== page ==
The variability timescales and brightness temperatures of radio flares from stars to supermassive black holes

4PiSky Authors: Gosia Pietka / Rob Fender

See the full publication on Astro-ph.

Synchrotron-emitting radio sources can undergo flaring events that cause dramatic variability in their lightcurves. One of the earliest models for these radio flares describes a cloud of relativistic particles and magnetic fields expanding into a surrounding medium. In this model, at a given frequency, the evolution of the light curve of an expanding cloud is determined by increasing transparency, causing an increase in the flux density, with expansion losses reducing the internal energy.

Exponential rise timescale as a function of peak radio luminosity for the entire set of radio flares studied. Overplotted are lines corresponding to a fixed minimum brightness temperature (TB,min ), demonstrating that TB,min is an increasing function of luminosity, peaking just above the theoretical limit of 10^12 K for the most luminous AGN.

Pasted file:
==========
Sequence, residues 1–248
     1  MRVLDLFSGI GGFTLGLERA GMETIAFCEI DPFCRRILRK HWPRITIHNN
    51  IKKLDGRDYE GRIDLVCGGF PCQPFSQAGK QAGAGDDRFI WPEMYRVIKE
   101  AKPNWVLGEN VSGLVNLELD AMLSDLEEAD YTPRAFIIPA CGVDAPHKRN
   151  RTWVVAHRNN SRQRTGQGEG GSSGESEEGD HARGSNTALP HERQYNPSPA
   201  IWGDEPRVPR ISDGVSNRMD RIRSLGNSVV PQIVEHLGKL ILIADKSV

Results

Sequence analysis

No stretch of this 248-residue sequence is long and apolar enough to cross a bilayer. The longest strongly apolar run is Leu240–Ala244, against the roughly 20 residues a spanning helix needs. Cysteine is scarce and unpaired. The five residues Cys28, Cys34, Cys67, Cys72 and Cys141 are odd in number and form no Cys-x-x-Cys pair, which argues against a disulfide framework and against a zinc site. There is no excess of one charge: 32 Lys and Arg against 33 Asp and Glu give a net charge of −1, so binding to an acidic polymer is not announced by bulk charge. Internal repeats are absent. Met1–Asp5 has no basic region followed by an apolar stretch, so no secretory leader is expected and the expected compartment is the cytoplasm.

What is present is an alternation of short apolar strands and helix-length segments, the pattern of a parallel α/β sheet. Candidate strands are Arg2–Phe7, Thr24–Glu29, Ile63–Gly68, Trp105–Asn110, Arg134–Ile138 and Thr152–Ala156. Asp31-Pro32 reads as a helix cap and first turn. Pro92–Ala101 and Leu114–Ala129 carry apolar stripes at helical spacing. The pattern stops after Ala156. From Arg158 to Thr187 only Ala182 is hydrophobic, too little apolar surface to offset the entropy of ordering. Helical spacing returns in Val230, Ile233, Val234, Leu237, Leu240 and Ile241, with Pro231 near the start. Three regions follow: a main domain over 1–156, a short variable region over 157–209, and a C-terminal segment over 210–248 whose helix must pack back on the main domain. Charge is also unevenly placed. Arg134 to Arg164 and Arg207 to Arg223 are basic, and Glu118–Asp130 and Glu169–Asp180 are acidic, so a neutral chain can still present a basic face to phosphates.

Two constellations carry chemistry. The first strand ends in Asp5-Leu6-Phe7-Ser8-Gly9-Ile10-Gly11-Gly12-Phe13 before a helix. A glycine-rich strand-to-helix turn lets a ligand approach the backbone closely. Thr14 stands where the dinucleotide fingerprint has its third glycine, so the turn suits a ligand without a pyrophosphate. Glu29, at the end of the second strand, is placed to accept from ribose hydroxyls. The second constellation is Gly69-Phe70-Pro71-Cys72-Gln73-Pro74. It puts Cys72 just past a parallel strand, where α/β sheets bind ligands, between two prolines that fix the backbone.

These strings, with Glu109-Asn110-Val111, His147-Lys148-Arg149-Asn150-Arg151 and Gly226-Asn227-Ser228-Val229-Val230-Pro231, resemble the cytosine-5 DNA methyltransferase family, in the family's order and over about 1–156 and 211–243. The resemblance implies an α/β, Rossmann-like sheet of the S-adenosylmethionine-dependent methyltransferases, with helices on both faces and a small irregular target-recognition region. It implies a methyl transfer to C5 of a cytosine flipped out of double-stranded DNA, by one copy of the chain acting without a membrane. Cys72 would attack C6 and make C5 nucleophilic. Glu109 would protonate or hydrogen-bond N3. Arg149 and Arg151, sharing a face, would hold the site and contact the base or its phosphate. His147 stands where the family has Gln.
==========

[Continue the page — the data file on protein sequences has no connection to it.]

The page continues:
We have compiled a sample of ~200 synchrotron flares observed at 5-8 GHz, originating from a wide range of astrophysical objects, including flare stars, X-ray binaries, supernovae, gamma ray burst afterglows and supermassive black holes. For each of the flares studied, we measured the rise/decline timescales by fitting exponential functions, and compared them against peak radio luminosities. The figure below shows the broad correlation between rise timescales and the peak radio luminosities that we find for these events. Overplotted are lines corresponding to constant minimum brightness temperatures, showing that if based on the variability timescales, minimum brightness temperature is a strongly rising function of source luminosity.
A clear spread in characteristic timescale between different types of transients can be seen, suggesting that the variability timescales could be used as an early diagnostic of source class in future radio-transient surveys.